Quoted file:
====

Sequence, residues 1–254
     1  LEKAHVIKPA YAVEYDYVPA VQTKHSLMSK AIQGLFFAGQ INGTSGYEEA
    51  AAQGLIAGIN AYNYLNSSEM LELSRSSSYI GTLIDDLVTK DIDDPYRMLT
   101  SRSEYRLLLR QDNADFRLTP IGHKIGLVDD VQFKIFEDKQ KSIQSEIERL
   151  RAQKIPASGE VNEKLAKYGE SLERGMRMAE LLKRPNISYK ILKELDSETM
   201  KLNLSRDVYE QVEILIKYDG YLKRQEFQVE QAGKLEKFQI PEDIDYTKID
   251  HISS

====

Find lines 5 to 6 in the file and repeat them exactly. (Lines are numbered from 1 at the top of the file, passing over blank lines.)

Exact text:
   151  RAQKIPASGE VNEKLAKYGE SLERGMRMAE LLKRPNISYK ILKELDSETM
   201  KLNLSRDVYE QVEILIKYDG YLKRQEFQVE QAGKLEKFQI PEDIDYTKID